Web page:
Ancient Ballads and Songs of the North of Scotland: Hitherto Unpublished, with Explanatory Notes, Volume 1

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W. & D. Laing, and J. Stevenson, 1828 - Ballads, Scots - 352 pages
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Page 7 - Fair lady Isabel sits in her bower sewing, Aye as the gowans grow gay There she heard an elf-knight blawing his horn. The first morning in May . "If I had yon horn that I hear blawing, And yon elf-knight to sleep in my bosom.
Page 90 - How can I turn to my horse head, And learn how to sowm ? I've gotten my mither's malison, It's here that I maun drown!" The very hour this young man sank Into the pot sae deep, Up it waken'd his love, Meggie, Out o' her drowsy sleep. " Come kere, come here, my mither dear, And read this dreary dream ; I dream'd my love was at our gates, And nane wad let him in.
Page 30 - Then he has staid in bower wi' her For sax lang years and ane, Till sax young sons to him she bare, And the seventh she's brought hame.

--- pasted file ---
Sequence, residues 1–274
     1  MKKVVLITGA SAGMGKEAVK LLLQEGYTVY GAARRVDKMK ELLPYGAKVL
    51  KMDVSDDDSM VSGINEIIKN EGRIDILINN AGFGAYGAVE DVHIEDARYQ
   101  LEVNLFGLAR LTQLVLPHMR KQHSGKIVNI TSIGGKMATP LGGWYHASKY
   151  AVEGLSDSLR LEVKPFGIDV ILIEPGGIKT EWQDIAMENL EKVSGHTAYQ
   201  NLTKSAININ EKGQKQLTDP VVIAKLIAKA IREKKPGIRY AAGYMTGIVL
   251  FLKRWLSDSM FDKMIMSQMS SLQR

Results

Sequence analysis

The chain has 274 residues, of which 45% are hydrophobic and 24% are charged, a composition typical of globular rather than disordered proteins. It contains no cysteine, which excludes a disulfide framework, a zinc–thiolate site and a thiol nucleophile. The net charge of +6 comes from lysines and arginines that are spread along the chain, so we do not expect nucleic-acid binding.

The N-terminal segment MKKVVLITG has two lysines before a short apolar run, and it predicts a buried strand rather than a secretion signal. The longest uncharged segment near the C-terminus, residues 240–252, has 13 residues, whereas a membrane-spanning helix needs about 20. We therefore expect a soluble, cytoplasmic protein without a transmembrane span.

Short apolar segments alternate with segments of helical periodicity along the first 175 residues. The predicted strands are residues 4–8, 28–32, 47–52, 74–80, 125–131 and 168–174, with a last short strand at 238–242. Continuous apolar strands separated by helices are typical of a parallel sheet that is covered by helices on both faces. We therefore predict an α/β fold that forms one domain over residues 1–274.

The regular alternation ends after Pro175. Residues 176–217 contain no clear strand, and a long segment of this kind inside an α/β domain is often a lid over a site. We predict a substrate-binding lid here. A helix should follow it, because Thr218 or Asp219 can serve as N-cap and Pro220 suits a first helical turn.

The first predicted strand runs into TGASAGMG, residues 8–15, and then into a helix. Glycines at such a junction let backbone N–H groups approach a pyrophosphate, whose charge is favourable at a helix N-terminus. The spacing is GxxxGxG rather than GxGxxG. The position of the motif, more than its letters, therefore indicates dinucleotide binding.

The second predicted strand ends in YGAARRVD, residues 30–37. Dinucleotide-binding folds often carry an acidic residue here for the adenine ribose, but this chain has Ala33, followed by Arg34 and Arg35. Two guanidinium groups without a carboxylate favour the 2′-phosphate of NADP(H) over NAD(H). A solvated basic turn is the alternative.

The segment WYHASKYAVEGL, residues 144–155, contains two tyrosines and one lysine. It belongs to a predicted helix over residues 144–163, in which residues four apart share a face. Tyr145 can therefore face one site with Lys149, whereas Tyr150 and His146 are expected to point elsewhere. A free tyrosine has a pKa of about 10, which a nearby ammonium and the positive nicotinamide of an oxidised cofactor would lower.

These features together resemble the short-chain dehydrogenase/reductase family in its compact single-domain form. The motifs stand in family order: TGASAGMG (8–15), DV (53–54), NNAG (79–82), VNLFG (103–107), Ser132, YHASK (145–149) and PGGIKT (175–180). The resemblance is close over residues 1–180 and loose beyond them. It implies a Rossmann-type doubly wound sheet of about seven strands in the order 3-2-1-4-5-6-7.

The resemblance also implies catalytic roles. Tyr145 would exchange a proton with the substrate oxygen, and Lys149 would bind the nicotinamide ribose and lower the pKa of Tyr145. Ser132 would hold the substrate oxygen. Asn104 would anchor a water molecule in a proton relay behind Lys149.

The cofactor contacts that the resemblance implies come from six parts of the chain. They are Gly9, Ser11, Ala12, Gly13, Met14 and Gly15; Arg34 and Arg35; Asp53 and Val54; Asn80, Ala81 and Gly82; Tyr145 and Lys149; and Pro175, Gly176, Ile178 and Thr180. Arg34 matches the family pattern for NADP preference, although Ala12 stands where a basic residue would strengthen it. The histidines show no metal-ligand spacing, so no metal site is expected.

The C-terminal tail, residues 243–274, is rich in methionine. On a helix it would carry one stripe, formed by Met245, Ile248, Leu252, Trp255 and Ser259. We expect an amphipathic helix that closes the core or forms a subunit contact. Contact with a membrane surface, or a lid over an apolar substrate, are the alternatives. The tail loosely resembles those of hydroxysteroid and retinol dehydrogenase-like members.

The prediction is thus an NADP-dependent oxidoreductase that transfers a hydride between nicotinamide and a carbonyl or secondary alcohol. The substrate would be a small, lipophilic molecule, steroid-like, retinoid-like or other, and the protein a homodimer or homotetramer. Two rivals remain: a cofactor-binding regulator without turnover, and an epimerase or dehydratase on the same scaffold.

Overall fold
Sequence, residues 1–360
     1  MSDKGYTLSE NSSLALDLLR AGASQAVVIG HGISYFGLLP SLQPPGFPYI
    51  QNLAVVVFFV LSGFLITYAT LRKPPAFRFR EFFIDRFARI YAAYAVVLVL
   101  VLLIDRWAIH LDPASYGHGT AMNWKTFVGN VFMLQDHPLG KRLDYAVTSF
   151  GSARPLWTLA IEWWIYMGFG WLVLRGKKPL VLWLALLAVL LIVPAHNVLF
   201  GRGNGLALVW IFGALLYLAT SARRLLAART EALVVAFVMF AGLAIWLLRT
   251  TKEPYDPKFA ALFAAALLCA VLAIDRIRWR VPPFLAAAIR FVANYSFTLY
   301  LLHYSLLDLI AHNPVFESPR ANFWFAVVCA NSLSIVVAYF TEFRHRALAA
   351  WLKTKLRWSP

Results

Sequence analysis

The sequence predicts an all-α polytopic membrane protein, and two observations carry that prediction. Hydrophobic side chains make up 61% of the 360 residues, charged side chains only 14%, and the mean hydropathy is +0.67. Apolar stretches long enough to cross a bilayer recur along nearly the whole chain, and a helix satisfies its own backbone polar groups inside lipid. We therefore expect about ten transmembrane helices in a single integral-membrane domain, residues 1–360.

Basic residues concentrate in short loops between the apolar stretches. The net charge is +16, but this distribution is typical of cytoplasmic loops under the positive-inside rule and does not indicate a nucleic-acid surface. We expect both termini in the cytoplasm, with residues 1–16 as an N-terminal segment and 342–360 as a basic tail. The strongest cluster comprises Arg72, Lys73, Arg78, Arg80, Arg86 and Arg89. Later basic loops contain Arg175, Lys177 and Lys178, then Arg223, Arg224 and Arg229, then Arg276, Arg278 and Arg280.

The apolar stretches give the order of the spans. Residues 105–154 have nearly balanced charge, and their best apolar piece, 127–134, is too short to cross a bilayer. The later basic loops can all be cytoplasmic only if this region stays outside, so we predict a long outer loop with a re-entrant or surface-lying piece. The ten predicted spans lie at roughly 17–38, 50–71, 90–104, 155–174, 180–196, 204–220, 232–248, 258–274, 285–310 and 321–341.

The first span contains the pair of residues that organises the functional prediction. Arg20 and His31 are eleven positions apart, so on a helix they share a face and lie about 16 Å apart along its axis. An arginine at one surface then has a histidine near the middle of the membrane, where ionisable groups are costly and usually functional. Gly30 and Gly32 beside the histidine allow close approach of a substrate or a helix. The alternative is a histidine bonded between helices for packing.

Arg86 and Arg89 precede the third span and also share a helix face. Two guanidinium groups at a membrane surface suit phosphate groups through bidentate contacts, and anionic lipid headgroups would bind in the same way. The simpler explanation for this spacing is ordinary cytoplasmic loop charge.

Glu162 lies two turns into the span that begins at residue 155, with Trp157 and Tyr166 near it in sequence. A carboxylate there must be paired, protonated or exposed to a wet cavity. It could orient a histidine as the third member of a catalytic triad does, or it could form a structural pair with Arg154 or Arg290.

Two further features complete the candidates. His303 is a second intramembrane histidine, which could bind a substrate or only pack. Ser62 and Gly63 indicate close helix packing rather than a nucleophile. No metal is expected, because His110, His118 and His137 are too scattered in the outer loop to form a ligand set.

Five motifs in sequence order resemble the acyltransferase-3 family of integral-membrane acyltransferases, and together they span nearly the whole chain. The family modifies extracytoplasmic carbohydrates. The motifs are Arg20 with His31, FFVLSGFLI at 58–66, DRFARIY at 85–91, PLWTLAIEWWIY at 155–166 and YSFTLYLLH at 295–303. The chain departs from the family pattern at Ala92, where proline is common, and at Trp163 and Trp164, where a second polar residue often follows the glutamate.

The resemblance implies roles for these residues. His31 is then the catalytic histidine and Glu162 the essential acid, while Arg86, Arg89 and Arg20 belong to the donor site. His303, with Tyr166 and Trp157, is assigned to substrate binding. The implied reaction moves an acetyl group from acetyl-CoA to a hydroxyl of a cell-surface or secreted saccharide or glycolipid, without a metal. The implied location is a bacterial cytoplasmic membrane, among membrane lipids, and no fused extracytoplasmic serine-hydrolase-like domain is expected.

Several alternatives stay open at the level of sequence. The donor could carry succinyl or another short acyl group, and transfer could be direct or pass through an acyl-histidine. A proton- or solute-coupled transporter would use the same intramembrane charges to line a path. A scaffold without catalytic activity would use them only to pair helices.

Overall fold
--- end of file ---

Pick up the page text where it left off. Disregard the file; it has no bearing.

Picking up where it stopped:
Page 33 - For naething cou'd the companie do, Nor naething cou'd they say ; But they saw a flock o' pretty birds That took their bride away.
Page 166 - The first an' town that they came till, He bought her brooch and ring ; But aye he bade her turn again, And gang nae farder wi' him. But again, dear love, and again, dear love, Will ye never love me again ? Alas ! for loving you sae well, : And you, nae me again.
Page 33 - Her seven sons in seven swans, Aboon their heads to flee; And he himsell a gay gos-hawk, A bird o high degree. This flock o birds took flight and flew Beyond the raging sea, And landed near the Earl Mar's castle, Took shelter in every tree. They were a flock o pretty birds, Right comely to be seen; The people viewd them wi surprise, As they dancd on the green.
Page xvi - He gae the third to the minstrel That play'd before the king; And he play'd success to the bonny boy, Came thro
Page 146 - He's ta'en her by the milk-white hand, And by the grass-green sleeve ; He's mounted her hie behind himsell, At her kinsmen spiered na leave. " Now take your bride, lord Lochinvar ! Now take her if you may ! But if you take your bride again, Well call it but foul play.
Page 7 - Then she became a turtle dow, To fly up in the air, And he became another dow, And they flew pair and pair.
Page 32 - Get nae dancers to dance, mither, Nor minstrells for to play ; For the mither o' my seven sons, The morn's her wedding-day." " O tell me, tell me, Florentine, Tell me, and tell me true, Tell me this day without a flaw, What I will dc for you.

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